Time travel is an absolutely fascinating aspect of physics, if only because few people realize that it’s not fantasy – not only does time travel fail to break the laws of physics, we even have to deal with (very small scale) time travel on the part of GPS satellites to make them work properly. Paul Nahin doesn’t point this out, quite possibly because this is a surprisingly old book – although reissued in 2011 with a new preface, it dates back to 1997.
GPS might not have been part of everyday life back then, but most of the time travel science has survived pretty well unchanged. There are a few time-based omissions. No mention of superluminal tunnelling experiments or laser-based frame dragging, for instance. But the biggest omission in the science due to the age of the book has nothing much to do with time travel – it’s the casual dismissal of the cosmological constant, showing a predating of the discovery of dark energy. But luckily this is more a side-comment than of any great significance.
Apart from those small omissions, Nahin does a great job of getting through all the possibilities in a reasonably compact way. However, the way the book is tightly targeted means that it isn’t the ideal popular science book on time travel for the general reader. This is very much aimed at would-be writers of science fiction, and this comes through very strongly, both in Nahin’s remarks and in his approach which relies on many, many examples of science fiction stories featuring time travel. I’m quite a fan of science fiction, but I have to confess I found it heavy going with so many fictional references.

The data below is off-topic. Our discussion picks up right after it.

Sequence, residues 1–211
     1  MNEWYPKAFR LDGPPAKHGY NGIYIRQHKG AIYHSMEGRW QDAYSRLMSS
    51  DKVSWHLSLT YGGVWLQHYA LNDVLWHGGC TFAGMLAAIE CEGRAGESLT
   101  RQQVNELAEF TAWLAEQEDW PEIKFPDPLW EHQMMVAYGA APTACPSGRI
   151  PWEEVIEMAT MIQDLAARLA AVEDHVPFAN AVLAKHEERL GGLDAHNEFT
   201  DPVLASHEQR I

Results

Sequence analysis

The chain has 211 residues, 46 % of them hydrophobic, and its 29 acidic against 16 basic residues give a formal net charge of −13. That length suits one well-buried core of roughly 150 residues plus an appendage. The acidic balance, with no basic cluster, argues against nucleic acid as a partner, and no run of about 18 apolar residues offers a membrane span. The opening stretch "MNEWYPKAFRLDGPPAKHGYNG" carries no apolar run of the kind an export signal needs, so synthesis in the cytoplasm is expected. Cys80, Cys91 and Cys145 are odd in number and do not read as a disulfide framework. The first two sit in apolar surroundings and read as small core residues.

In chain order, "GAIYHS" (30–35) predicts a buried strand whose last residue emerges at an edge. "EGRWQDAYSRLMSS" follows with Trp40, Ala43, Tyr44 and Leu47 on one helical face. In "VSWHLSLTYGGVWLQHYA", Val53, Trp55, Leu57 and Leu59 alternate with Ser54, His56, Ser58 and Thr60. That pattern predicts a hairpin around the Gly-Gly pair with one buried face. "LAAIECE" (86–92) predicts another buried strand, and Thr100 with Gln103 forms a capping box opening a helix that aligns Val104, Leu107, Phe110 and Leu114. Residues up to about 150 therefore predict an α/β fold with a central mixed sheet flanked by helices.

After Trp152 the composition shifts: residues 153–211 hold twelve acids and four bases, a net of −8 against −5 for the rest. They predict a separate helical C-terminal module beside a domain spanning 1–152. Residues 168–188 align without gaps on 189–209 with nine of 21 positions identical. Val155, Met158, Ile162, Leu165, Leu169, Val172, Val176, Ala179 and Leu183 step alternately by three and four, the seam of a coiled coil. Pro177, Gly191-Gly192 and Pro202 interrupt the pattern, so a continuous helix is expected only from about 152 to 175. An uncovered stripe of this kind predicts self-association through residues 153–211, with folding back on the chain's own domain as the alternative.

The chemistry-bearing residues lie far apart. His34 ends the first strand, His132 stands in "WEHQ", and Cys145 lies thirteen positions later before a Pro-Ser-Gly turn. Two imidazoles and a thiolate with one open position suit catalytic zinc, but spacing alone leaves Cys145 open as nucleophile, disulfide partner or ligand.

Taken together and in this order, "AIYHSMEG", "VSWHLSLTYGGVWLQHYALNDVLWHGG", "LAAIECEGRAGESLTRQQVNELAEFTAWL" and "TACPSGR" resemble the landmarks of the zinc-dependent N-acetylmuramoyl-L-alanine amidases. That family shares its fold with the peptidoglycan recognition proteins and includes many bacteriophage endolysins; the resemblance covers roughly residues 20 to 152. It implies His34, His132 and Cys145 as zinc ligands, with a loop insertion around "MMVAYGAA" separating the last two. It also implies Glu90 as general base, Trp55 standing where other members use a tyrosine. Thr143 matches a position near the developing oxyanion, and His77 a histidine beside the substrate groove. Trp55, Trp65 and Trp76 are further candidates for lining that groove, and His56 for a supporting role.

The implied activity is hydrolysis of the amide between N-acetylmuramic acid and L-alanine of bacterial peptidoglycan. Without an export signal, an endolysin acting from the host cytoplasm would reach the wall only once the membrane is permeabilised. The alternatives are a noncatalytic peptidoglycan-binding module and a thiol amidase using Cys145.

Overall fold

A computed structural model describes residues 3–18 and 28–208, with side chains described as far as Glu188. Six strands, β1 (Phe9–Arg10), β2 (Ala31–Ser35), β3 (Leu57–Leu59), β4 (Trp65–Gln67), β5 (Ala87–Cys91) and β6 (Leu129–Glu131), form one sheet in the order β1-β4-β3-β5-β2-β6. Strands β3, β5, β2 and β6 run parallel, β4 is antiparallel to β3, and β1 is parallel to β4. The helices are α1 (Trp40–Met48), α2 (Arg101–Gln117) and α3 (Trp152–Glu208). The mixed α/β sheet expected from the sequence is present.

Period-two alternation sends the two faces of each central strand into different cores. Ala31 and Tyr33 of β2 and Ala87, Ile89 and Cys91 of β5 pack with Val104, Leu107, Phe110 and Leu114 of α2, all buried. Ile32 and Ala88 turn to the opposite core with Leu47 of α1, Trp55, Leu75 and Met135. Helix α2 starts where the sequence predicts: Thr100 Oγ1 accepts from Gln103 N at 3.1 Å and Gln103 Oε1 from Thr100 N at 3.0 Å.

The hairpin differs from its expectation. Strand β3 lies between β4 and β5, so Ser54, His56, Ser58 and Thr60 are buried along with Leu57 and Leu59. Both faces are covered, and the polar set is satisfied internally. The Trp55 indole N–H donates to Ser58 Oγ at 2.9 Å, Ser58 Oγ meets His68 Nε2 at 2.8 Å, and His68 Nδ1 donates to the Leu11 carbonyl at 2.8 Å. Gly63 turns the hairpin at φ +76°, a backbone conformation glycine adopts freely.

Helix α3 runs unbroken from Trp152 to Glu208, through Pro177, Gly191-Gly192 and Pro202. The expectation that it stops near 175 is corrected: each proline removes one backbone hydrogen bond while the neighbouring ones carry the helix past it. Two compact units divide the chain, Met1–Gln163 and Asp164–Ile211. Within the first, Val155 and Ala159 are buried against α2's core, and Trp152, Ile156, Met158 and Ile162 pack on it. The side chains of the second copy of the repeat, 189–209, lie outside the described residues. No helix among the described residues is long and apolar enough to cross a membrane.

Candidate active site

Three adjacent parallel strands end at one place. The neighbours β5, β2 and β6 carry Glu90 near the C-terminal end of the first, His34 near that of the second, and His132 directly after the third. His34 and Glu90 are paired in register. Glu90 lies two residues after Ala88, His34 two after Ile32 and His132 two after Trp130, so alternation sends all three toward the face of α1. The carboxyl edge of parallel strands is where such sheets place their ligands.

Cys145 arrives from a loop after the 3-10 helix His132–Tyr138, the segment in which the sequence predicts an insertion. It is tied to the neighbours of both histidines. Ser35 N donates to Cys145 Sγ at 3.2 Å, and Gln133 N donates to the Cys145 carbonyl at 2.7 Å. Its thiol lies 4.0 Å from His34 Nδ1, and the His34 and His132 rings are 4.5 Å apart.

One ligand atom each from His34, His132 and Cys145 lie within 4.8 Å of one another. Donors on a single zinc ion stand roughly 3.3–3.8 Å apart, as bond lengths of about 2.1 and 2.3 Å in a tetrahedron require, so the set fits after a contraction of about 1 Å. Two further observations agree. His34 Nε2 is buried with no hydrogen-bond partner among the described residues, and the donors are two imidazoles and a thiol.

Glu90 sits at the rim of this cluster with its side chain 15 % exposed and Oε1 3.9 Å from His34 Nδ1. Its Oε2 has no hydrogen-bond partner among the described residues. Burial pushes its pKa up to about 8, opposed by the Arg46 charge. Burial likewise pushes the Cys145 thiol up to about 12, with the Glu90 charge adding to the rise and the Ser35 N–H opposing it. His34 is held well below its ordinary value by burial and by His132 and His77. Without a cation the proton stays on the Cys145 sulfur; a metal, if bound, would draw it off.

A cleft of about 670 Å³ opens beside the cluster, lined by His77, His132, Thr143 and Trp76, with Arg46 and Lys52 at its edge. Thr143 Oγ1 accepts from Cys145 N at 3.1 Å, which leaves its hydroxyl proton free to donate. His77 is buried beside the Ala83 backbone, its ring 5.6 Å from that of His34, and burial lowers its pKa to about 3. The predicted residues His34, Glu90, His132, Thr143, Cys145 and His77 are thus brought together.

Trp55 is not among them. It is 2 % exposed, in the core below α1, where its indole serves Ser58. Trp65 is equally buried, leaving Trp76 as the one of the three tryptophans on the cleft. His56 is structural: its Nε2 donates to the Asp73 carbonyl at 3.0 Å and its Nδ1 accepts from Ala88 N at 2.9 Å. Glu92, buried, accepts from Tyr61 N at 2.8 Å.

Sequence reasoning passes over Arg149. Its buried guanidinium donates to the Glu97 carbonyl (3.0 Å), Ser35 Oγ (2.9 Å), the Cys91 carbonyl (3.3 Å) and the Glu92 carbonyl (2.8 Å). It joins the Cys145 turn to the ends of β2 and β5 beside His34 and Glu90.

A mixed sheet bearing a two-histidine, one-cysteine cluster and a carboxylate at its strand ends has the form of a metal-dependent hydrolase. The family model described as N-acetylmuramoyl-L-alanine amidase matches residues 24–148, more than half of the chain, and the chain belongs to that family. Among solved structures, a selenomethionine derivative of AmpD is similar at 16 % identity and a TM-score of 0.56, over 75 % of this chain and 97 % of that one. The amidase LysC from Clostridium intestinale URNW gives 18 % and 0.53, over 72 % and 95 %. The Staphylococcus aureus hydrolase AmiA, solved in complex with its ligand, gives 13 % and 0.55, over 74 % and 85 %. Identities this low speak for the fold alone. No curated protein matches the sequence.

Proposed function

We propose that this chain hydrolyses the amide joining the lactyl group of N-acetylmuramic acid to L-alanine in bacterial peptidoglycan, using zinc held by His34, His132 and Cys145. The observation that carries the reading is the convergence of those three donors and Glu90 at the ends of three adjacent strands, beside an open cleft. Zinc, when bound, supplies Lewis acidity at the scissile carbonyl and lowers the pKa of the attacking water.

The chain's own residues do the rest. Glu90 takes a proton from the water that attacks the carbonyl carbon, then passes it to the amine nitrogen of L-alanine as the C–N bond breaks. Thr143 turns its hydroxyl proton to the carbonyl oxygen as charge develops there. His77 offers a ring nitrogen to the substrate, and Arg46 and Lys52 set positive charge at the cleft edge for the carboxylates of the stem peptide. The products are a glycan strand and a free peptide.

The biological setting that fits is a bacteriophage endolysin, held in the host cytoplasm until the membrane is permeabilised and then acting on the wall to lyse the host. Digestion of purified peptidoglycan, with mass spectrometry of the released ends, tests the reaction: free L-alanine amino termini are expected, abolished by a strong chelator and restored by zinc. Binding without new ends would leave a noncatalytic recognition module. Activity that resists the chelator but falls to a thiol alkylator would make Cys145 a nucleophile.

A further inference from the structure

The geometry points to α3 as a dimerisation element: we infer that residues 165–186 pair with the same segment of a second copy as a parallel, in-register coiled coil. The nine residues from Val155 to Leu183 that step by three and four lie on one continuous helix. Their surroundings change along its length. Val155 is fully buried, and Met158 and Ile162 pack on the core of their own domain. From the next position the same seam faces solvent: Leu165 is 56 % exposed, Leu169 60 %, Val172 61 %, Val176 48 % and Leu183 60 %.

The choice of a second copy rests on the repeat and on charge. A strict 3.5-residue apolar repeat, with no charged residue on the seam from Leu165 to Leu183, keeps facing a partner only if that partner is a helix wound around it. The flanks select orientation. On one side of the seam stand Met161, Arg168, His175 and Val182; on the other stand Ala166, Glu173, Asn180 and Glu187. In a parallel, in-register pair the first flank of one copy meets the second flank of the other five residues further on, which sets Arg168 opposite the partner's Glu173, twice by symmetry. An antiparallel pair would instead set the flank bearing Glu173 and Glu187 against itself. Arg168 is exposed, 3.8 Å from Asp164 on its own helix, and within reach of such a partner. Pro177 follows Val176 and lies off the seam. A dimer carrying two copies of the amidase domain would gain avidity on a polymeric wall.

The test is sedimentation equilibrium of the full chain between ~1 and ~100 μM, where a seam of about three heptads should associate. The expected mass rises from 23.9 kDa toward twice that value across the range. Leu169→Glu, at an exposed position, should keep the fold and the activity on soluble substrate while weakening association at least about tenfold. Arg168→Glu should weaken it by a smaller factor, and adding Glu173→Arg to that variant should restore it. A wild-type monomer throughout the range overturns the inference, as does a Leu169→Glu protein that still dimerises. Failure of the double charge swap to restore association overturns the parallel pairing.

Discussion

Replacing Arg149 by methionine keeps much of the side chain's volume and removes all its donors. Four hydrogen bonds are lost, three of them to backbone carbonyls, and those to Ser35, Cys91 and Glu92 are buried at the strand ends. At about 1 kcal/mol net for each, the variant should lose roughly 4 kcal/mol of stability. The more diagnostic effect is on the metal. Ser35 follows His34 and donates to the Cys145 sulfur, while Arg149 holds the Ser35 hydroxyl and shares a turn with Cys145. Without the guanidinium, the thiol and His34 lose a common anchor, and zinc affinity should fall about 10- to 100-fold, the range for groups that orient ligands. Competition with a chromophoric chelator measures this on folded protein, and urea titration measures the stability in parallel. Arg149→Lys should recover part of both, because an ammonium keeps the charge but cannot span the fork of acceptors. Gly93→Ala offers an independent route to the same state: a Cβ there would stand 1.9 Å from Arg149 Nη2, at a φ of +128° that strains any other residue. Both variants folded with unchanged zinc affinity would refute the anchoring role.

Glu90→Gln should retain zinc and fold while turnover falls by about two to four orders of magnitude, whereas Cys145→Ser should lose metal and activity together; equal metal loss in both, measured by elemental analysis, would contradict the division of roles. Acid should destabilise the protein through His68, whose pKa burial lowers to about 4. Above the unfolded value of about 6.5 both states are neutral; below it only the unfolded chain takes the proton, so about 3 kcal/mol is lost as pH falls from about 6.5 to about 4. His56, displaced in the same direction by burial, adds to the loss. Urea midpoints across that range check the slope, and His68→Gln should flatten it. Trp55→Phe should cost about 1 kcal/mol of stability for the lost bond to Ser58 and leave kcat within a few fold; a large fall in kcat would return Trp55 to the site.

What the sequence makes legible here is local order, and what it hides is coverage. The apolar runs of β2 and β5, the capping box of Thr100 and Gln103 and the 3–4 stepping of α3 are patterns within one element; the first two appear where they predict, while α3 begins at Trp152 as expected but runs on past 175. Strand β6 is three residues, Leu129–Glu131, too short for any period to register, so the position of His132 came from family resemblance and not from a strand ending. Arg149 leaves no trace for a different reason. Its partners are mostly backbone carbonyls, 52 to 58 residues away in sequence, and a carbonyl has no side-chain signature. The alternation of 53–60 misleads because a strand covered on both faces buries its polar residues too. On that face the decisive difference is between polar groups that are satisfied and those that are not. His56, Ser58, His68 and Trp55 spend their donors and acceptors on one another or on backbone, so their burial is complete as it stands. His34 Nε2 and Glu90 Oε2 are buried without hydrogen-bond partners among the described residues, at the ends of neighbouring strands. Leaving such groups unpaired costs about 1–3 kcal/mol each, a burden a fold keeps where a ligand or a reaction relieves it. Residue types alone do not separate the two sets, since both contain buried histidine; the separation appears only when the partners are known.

There are a couple of other tiny problems with the book. The science is mostly put across in a friendly fashion, but there are two times when Nahin goes into much too much detail, in a way that may well put off a lot of readers (particularly if they are looking at this as authors rather than would-be scientists). The other problem I had was a rather hectoring tone – at times he almost says that people with certain ideas (e.g. having problems with the killing-your-grandfather type paradox) are idiots because the paradox obviously won’t happen. I’m sorry, it isn’t obvious, and taking this approach is not particularly helpful.
Overall, then, a good if rather dated summary of the science of time travel, but because of the way it is put across only really of interest to serious SF fans or would-be writers (which, to be fair to the author, is exactly the audience that it is aimed at).